GEORGE MORL

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MA Final Show
University for the Creative Arts, Canterbury, UK
24 August - 31 August 2018
www.uca.ac.uk
Group show at University for the Creative Arts displaying final MA work featuring George Morl’s collection In Search of Validation 2018 exploring male body images across digital media 

Information


UCA, Canterbury, UK
24 August - 31 August 2018
Monday - Sunday 10:00 - 17:00
Free Admission
www.uca.ac.uk


In search of Validation, 2018, is a series of photographic prints that explores the ‘affects’ of male body-images online across dating and smartphone apps.

Observing 'affects' within what theorist Lawrence Grossberg called ‘Mattering Maps’, presentation utilised displays formed through digitally-altered-body-images, summarised by arranging works as a continuous network within environments.

Collectively displayed, both causation and affects in relation to psychological and social factors are evidenced. The artist observed individuals through documenting activities such as steroid consumption, protein powders, gym rituals, sporting clothes, fasting as well exercises. These were recorded using scientific apparatuses such as microscope adapted smartphones and endoscopes rendered and altered through computer softwares. These are subsequently contrasted alongside digitally enhanced and manipulated photographs of bodies, combining aesthetics of the internet enabling an overall image network-navigation.  

This project was part of Morl’s MA Thesis ‘Disposition of Currency’ (2018), evaluating and investigating performativity and affect theories of digital platforms in relation to male body images and intimacies. Under Harrison Pope’s theory The Adonis Complex (2000), which discusses how changing male labour and representations of men in the media including ancient and art history has changed the ornamental appearance of men. The development of the Adonis Complex referencing the painting ‘Adonis and Venus’ by Titian shows that men are also targeted about their appearances creating destructive obsessional disturbances and rituals concerning their own bodies. This has resulted in the increasing presence of body obsessions of men and body-image disorders, including body-dysmorphic disorder, anorexia nervosa, and bulimia. An example of this is the increasing consumption of anabolic steroids. What fuels this occurrence is the secrecy surrounding steroid consumption further exacerbated by the lack of vulnerability in some men to communicate.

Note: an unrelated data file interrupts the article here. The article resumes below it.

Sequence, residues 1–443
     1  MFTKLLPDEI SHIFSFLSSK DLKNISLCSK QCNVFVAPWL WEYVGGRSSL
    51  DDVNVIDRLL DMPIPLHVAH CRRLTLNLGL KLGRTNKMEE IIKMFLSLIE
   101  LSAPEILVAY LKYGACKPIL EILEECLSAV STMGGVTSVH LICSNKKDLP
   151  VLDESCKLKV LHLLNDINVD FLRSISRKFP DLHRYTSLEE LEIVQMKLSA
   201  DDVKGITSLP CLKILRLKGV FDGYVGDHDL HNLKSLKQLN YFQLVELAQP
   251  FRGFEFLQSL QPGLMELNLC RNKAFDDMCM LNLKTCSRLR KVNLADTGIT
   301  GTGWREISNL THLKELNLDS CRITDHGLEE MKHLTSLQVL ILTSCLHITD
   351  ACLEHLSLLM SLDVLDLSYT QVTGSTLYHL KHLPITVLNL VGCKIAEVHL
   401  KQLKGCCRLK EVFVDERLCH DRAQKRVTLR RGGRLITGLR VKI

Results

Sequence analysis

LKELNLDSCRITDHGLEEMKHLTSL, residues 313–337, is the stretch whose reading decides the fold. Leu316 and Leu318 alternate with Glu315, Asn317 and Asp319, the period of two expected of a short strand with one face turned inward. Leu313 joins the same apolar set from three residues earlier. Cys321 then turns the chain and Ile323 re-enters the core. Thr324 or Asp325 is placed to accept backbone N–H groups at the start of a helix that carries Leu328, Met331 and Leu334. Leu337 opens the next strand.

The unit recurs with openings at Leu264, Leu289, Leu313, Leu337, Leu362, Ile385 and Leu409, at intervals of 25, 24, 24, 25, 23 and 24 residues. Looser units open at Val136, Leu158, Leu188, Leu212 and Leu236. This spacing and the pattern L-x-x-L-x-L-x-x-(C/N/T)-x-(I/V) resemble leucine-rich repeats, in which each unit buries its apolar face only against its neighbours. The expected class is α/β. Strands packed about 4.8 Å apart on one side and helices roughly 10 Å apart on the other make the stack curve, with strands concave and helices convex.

Displayed alongside documentations of mobile phone and computer searches, screenshots of internet trend graphs and histograms, or search engine results for achieving muscle mass or sizes, collections of supplement adverts, screenshots of chatroom and student platform feeds containing individual’s discussions about attaining better fitness improvements or body fat percentages, or even anonymous online posts requesting information about steroid safety. These all reveal the motivations and anxieties of the users.

Ultimately together these evidence the paradigms of losing or seeking identity under the saturation of the male torso in media, where re-contextualisation and juxtaposition of data, images of bodies, and sometimes interventions of historical paintings from museums of power are subverted, permitting a dialogue regarding society’s ideas of self-representation.

The display of the images as a continuous network takes reference to the brutalist architecture or New Towns such as Basildon and Milton Keynes, characterised by service towers and concrete divisions. By presenting the amalgamation of works and data evidences, the motivations of individuals are exposed. Likewise through contrasting images of intimacy and vulnerability in relation to exposure of one’s body this attempts to fundamentally disrupt the ‘affects’ of digitisation on male body-images.



Images & Text © George Morl 2018


Selected Exhibition Images